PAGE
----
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  • Writer's pictureDennis Blacksmith

The Radicalized Adjective

Updated: Oct 1, 2020

It has been said that the pen is mightier than the sword. Unfortunately, this may no longer be true. Today's common expression, whether written or spoken, has been diluted by the radical use of our most expressive adjectives. Words that once could stir humanity's attention now barely rise above the hum of casual conversation. True outrage expressed in words, has become lost in common occurrence. As the saying goes, If all things are outrageous, then nothing is outrageous. If all things are awesome, then nothing is awesome. If all disagreement ends with an offensive label, then all labels become meaningless. More recently, labels have been followed by accusations. This is especially troubling because the effect is the same - if everyone is accused, then no accusation will be true, and the voices of true victims will be lost within the noise of common outrageous claims.

Ultimately, the result is that humanity is driven to find more expressive ways to demonstrate their outrage. Dramatic video has created new avenues of expressiveness, but video has also become common. Now, words and pictures have been made silent within the noise of digital shouting. Consequently, violence is becoming an all too common form of accepted expression. Unfortunately, violence has no volume control. The benchmark for what is considered a violent outrageous act continues to move to the right, as murderous objectors attempt outdo the last violent act in order to garner the brief attention of the masses.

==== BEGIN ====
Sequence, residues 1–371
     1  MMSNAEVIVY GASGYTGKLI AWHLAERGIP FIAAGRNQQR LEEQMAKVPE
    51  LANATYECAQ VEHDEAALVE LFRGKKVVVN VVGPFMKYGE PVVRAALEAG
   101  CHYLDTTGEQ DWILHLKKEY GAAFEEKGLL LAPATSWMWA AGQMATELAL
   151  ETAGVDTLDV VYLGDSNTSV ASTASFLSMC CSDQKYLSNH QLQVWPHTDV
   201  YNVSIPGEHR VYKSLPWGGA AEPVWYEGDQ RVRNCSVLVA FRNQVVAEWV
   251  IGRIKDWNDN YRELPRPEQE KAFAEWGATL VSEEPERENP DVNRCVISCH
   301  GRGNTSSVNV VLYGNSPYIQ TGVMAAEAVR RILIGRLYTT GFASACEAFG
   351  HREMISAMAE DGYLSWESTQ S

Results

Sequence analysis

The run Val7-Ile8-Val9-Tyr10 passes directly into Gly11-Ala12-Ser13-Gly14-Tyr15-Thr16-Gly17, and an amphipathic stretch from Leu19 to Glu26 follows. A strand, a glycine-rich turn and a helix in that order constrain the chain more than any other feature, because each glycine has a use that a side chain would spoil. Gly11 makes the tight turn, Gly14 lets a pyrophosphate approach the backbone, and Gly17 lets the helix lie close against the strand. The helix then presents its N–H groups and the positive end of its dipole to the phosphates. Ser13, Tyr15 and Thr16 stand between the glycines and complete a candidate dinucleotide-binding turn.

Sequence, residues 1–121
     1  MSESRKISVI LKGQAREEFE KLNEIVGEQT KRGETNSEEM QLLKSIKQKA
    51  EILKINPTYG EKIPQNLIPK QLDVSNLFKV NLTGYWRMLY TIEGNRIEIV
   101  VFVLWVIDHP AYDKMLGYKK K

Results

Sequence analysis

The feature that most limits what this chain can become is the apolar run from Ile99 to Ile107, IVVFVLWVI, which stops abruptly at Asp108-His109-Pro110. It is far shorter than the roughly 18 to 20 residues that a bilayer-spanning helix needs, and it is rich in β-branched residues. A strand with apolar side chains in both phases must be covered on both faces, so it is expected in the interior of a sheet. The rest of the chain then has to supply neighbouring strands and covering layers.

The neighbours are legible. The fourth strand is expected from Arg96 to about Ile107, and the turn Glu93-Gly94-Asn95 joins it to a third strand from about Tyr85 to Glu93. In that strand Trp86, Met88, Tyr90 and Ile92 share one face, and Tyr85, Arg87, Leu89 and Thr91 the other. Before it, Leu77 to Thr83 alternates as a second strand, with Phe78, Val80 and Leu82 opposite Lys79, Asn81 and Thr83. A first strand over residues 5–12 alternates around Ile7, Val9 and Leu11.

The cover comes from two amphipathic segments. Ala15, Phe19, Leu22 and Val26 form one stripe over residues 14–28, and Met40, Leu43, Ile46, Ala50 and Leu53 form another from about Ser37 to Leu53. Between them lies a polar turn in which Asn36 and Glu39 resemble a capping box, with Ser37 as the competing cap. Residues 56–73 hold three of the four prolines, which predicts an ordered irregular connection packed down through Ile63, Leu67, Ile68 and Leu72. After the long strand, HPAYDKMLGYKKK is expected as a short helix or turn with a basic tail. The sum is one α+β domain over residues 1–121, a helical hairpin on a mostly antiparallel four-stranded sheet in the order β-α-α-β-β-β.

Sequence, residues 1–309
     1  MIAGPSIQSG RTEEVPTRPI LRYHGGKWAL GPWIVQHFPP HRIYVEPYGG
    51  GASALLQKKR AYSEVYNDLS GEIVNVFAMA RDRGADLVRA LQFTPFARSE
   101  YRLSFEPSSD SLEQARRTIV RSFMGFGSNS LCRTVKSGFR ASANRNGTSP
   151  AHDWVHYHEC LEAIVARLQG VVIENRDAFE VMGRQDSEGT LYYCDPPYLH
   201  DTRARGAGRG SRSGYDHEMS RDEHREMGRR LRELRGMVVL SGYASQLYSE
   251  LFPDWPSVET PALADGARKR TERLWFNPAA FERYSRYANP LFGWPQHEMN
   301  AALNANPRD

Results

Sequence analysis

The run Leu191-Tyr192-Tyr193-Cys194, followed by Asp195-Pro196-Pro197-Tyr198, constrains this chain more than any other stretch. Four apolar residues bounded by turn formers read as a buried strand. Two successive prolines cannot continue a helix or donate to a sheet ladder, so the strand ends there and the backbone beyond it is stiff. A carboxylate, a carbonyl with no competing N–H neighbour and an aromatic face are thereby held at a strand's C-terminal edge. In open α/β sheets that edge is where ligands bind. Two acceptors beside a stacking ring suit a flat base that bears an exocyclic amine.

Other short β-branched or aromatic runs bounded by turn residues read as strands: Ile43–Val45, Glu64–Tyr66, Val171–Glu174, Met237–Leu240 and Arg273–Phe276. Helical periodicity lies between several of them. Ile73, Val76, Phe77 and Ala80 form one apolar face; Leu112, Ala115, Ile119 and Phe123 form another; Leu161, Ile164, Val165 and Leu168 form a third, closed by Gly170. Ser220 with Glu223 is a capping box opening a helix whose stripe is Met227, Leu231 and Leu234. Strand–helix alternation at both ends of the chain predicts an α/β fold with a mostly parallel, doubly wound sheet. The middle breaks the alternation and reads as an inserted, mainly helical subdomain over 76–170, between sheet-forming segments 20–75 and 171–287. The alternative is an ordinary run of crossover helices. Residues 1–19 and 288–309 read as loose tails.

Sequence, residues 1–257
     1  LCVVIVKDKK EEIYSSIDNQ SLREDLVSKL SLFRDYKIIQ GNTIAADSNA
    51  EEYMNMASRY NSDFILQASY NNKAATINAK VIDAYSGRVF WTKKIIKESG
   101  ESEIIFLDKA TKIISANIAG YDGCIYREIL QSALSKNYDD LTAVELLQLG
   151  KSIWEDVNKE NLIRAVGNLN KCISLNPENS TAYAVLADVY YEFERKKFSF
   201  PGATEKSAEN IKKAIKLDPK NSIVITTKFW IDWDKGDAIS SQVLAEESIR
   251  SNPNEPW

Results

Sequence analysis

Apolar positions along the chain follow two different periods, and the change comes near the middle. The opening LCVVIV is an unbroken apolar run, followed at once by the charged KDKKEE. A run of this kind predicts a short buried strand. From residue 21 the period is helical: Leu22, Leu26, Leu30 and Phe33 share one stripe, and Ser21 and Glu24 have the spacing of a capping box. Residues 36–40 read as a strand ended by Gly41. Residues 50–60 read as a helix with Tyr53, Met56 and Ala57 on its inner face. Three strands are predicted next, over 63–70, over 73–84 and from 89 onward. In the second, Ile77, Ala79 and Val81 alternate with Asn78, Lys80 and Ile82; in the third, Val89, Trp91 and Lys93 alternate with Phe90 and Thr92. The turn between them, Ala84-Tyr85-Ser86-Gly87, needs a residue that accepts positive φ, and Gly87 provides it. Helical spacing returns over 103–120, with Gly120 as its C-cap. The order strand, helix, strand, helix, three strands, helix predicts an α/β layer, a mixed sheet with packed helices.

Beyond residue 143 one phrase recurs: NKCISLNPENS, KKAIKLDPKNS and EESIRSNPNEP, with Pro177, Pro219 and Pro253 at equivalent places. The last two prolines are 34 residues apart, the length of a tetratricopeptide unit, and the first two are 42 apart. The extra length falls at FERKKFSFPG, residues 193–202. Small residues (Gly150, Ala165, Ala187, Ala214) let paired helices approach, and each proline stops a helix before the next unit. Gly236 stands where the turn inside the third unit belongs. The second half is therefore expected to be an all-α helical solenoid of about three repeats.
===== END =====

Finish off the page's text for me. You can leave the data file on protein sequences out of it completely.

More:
The continued devaluing of language has significant consequences in humanity's future. Noisy objectors have always existed, but our new existence in the digital world has substantially raised the volume of their rhetoric. Now common discourse is filled with expletives and overstatement that dulls humanities hearing such that no expletive or statement can be heard in serious discourse. Yes, sometimes a well placed expletive is funny, and I suppose the argument can be made that expletives are perhaps best used in humorous communication, and conversely, should be left out of serious discourse. But, again, the risk is that when the expletive is over used in general, that when used in serious discourse the desired effect will be diminished and humanity's senses will be left unstirred.

Perhaps a simple message, but in order for humanity to truly achieve peace, disrespectful discourse must end, and we must protect our language from the viral infection of radicalized adjectives.

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